Academic Advising

Advising is perhaps the oldest means of support for undergraduates, described by King and Kerr as “the hub of the wheel that establishes links to all other support services on campus.

Recognizing the important role that advising plays into student success and retention, the goal of advising under SMU in Four is to understand the current advisor and student experience, enhance advising and provide resources for improved training and technology to fill gaps in current practices.

Enhancement strategies

For each of the three SMU in Four pillars, we discussed our current practices in the plan and our expected enhanced practices. These enhancement strategies are outlined for the Academic Advising Pillar below.

While opportunities exist to shed light on our understanding of the student experience with advising (NSSE, graduation survey, anecdotal experiences, etc.), little effort to date has been made to understand our advisors’ perceptions of their work. Working with the student success consultant for the QEP, several business processes were identified that make the work of advising more difficult because many students complete degrees in more than one school. These conversations highlighted a need to better understand the major advisor experience at SMU. More than 100 faculty and staff are identified as major advisors.

During summer 2021, we continued small-group conversations with advisors in order to create a survey instrument that will capture important information about how each major advisor approaches their work and where they need additional support and training. Through this survey we will be able to evaluate pain points, opportunities for improvement and evaluate the overall sense of satisfaction among our faculty advisors. In our first year of SMU in Four, we will need to dedicate time and resources to understanding what major advisors need and to evaluate their capacity to engage more deeply in our early-alert system, for example. We can then use this same survey in Year Three and Year Five to determine if our efforts at providing additional support to advisors are effective.

The enhanced practice for advising for SMU’s QEP will focus in the first year on expanding advisor training in the use of new features within HighPoint and Advising Notes. In the second year, we will focus on increasing communication across advisors and between major advisors and their assigned students. By Year Three, we will provide advisors with additional resources to respond in real time to early alerts as that system evolves. Advisor training will be the responsibility of the UAC and provided to first-year and major advisors through a previously established but largely defunct group called Mustang Advising Network Group. The director of the UAC is a member of the advising pillar strategy group and looks forward to reestablishing this network and working with records offices and the registrar to increase adoption of technological solutions. We expect to resume the Mustang Advising Network Group activities in fall 2021.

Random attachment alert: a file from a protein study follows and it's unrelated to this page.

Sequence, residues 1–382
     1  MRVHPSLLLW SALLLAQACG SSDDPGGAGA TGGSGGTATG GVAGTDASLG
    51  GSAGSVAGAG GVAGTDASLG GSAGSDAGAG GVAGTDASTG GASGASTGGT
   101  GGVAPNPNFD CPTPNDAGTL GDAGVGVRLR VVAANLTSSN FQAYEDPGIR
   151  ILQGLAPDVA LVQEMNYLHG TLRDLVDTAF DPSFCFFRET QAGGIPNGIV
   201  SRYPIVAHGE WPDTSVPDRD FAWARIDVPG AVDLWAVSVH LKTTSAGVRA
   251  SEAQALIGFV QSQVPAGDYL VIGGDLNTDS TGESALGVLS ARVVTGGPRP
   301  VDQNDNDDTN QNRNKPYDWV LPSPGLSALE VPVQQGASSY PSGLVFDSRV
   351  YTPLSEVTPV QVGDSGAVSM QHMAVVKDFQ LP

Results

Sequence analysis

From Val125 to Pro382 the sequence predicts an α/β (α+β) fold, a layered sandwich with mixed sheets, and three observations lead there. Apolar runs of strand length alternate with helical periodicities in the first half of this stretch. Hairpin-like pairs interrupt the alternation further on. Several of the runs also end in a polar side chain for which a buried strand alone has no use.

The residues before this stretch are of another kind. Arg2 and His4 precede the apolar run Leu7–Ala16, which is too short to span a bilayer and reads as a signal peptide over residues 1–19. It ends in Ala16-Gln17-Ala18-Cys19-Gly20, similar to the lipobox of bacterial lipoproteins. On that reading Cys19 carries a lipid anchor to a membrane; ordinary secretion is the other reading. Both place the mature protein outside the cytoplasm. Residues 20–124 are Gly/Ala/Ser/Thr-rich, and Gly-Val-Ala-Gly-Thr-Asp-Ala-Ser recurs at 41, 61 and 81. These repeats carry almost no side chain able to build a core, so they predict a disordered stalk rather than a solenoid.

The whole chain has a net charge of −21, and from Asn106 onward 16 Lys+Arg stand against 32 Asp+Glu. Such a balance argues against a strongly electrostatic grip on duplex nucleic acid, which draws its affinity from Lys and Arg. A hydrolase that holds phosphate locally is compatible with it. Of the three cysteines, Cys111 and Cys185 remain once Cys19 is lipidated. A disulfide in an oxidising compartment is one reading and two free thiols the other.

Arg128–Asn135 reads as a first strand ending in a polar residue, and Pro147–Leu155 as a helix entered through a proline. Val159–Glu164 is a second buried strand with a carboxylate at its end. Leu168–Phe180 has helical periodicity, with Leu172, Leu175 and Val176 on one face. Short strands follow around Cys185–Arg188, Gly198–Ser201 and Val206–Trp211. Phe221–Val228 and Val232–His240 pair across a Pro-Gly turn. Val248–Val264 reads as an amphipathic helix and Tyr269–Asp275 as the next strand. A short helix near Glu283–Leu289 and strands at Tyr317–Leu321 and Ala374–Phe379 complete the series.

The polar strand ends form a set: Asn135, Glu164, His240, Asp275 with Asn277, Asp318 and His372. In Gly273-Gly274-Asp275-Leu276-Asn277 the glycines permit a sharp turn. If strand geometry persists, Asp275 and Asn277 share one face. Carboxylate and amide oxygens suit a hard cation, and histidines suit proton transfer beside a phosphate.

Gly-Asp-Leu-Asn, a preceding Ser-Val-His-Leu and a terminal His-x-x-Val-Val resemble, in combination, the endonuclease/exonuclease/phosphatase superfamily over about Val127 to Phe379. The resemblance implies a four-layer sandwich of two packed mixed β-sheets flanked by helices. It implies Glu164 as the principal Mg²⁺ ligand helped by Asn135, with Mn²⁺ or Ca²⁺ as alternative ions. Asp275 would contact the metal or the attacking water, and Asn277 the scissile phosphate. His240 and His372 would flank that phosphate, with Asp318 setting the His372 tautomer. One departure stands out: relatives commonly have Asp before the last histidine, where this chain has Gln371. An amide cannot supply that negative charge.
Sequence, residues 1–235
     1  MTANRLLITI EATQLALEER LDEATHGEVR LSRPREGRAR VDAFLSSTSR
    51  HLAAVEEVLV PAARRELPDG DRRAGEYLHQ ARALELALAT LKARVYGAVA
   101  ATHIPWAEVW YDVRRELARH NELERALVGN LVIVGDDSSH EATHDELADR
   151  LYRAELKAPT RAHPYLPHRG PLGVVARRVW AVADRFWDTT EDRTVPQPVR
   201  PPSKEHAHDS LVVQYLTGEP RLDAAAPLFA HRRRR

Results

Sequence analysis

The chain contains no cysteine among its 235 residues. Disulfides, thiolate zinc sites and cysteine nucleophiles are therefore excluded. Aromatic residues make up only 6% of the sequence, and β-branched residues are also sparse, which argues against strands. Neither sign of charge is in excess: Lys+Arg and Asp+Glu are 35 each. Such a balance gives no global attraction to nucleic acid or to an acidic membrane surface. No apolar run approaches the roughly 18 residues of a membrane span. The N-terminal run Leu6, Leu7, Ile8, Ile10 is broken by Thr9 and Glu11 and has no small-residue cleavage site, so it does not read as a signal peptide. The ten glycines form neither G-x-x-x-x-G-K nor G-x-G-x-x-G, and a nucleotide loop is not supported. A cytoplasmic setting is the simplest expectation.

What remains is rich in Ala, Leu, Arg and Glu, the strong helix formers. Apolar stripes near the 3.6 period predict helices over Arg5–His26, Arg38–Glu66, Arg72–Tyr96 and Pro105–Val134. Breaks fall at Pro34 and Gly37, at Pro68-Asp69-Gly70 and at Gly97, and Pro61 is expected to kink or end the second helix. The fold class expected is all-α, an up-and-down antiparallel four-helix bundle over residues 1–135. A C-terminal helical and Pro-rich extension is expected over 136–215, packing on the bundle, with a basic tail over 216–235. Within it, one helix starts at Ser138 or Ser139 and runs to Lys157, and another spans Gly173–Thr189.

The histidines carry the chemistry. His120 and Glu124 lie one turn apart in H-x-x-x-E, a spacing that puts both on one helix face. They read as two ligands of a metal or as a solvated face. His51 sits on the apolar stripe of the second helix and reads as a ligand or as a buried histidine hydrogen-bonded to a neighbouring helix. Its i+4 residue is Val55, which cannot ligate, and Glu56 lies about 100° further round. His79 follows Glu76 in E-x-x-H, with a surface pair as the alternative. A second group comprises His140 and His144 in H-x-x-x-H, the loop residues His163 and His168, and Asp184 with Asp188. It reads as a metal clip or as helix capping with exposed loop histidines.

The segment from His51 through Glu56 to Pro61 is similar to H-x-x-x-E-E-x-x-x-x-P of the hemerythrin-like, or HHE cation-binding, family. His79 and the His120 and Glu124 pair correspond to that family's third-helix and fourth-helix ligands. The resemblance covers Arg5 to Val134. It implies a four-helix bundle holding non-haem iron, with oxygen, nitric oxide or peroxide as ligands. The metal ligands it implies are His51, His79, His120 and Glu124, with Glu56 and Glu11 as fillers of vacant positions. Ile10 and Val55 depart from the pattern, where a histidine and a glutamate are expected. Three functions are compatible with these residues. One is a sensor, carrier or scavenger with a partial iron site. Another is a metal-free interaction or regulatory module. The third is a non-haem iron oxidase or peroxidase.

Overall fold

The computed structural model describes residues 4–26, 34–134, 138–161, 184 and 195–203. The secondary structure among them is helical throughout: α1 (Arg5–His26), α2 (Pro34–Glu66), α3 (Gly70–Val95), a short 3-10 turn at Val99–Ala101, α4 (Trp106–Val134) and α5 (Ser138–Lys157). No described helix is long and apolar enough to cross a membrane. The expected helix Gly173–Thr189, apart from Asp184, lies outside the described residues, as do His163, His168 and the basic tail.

Certainly, more resources will be needed for advisor support in order to improve our advising outcomes. We believe the implementation of Advising Notes will dramatically improve communication across advisors working with the same student and the information that a student receives over time. The student and the advisor will always be able to go in and access these notes. In addition, we are building in features that will allow us to query the advising notes for particular concerns expressed by students. For example, there is a tag to identify a student as considering leaving the institution. We will also present major advisors with opportunities to receive additional training in mentoring students as they begin to think about the transition from college to graduate. For example, major advisors may choose to work with the Mustang Mentors program in the Office of Engaged Learning to create and track connections between majors and departmental faculty.